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Reference: Millenarians


MILLENARIANS are those who believe, according to an ancient tradition in the church, grounded on some doubtful texts in the book of Revelation and other scriptures, that our Saviour shall reign a thousand years with the faithful upon earth after the first resurrection, before the full completion of final happiness; and their name, taken from the Latin word mille, "a thousand," has a direct allusion to the duration of this spiritual empire, which is styled the millennium. A millennium, or a future paradisaical state of the earth, is viewed by some as a doctrine not of Christian, but of Jewish, origin. The tradition which fixes the duration of the world, in its present imperfect state, to six thousand years, and announces the approach of a Sabbath of one thousand years of universal peace and plenty, to be ushered in by the glorious advent of the Messiah, has been traced up to Elias, a rabbinical writer, who flourished about two centuries before the birth of Christ. It certainly obtained among the Chaldeans from the earliest times; and it is countenanced by Barnabas, Irenaeus, and other primitive writers, and also by the Jews at the present day. But though the theory may not be very improbable, yet, as it has not the sanction of Scripture to support it, we are not bound to respect it any farther than as a doubtful tradition. The Jews understood several passages of the prophets, as Zec 14:16, &c, of the millennium; in which, according to their carnal apprehensions, the Messiah is to reign on earth, and to bring all nations within the pale, and under subjection to the ordinances, of the Jewish church.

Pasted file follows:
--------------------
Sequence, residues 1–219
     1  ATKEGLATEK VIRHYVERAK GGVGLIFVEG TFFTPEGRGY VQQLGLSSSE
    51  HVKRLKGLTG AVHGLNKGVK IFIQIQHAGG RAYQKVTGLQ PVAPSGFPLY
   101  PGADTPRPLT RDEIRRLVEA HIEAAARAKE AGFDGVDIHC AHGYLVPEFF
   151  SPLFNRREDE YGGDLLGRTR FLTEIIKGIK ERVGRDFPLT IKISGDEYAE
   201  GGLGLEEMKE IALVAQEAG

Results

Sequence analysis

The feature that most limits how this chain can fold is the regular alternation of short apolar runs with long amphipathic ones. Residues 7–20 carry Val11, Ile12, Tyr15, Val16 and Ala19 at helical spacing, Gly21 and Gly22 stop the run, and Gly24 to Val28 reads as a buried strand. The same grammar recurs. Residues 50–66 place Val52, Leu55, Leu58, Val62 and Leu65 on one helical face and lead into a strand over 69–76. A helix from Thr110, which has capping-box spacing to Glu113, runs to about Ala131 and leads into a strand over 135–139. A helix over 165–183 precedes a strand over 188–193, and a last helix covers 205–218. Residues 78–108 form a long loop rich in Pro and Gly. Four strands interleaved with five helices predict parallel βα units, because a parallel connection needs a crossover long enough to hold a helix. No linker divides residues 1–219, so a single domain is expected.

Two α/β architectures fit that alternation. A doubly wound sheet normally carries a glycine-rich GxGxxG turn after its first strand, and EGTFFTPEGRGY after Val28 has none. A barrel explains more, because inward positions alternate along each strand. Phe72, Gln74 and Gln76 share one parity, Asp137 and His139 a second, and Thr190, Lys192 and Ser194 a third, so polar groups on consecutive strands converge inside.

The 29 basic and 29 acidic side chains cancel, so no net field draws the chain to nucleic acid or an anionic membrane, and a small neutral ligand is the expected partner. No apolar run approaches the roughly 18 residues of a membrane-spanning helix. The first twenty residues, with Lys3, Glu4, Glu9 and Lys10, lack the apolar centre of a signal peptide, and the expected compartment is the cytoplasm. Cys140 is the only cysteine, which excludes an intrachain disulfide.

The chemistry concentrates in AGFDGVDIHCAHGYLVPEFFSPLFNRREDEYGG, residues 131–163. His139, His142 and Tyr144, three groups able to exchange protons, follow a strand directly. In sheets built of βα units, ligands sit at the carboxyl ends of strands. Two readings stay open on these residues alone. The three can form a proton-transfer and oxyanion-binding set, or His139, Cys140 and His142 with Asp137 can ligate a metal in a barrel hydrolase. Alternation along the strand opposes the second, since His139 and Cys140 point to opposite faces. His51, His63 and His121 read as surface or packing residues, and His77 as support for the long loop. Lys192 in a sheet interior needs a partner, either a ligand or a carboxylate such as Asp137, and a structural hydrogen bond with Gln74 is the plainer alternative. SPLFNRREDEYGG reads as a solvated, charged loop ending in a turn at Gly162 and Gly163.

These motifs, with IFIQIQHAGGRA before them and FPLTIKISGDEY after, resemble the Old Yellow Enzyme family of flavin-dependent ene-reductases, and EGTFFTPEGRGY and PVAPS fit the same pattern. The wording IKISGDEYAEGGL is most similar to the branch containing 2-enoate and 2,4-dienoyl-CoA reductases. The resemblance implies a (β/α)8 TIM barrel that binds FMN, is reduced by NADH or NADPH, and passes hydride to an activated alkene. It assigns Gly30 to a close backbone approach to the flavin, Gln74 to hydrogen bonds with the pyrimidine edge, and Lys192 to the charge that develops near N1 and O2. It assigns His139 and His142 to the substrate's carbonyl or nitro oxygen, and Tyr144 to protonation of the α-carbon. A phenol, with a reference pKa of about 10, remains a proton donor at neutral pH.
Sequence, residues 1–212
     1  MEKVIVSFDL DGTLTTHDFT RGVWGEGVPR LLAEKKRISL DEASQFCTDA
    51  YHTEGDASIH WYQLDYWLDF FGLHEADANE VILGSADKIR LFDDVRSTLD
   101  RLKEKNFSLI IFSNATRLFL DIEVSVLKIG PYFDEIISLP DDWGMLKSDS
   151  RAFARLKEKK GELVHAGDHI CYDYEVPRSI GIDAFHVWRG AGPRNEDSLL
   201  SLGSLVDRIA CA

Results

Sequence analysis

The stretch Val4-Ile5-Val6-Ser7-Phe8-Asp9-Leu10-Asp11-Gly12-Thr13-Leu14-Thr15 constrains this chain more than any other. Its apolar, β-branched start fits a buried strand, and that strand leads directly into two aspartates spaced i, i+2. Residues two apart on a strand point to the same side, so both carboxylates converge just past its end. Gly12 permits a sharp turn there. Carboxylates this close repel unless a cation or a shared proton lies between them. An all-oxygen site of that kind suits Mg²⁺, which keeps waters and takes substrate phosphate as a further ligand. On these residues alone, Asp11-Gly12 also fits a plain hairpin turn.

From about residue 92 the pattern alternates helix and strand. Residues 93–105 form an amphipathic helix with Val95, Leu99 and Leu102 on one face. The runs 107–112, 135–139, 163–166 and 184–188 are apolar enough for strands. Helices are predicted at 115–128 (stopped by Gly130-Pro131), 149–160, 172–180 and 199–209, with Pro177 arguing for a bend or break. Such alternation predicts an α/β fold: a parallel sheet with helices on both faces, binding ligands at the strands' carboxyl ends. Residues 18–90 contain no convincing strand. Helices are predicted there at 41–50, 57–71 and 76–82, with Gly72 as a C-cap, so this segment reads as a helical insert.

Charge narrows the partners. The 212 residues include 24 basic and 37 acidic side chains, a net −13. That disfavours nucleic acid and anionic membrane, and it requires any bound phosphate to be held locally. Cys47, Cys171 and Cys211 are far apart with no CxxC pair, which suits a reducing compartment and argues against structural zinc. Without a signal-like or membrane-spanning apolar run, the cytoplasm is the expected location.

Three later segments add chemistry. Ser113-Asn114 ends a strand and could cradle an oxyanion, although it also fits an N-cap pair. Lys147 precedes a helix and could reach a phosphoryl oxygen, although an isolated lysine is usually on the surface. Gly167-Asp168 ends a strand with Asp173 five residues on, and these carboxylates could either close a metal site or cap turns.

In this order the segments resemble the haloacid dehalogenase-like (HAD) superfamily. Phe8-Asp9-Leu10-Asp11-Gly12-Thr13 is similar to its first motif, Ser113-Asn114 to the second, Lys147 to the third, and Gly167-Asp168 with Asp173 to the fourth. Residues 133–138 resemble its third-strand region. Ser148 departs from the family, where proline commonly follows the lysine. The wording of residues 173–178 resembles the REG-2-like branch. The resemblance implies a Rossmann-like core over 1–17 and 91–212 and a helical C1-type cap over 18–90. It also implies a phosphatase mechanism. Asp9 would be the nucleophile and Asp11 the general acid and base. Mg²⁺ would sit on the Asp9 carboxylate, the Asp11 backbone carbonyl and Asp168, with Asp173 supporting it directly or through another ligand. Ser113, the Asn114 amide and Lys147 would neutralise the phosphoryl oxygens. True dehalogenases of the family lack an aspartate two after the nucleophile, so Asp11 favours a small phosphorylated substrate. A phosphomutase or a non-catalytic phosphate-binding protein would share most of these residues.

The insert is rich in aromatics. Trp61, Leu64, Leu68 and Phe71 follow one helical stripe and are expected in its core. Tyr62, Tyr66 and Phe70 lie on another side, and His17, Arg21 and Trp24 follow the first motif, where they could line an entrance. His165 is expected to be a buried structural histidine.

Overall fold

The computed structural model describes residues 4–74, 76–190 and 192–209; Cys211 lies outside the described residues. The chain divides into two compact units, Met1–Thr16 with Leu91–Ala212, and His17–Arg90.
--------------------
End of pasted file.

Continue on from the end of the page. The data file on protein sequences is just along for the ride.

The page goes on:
Justin Martyr, the most ancient of the fathers, was a great supporter of the doctrine of the millennium, or that our Saviour shall reign with the faithful upon earth, after the resurrection, for a thousand years; which he declares was the belief of all orthodox Christians. But this opinion is not generally followed; for, though there has been, perhaps, no age of the church in which this doctrine was not admitted by one or more divines of the first eminence, it yet appears, from the writings of Eusebius, Irenaeus, and others among the ancients, as well as from the histories of Dupin, Mosheim, and other moderns, that it was never adopted by the whole church, nor formed an article in the established creed in any nation. Origen, the most learned of the fathers, and Dionysius, bishop of Alexandria, usually, for his immense erudition, surnamed the Great, both opposed the doctrine that prevailed on the subject in their day; and Dr. Whitby, in his learned treatise on the subject, proves, first, that the millennium was never generally received in the church of Christ; and, secondly, that there is no just ground to think it was derived from the Apostles.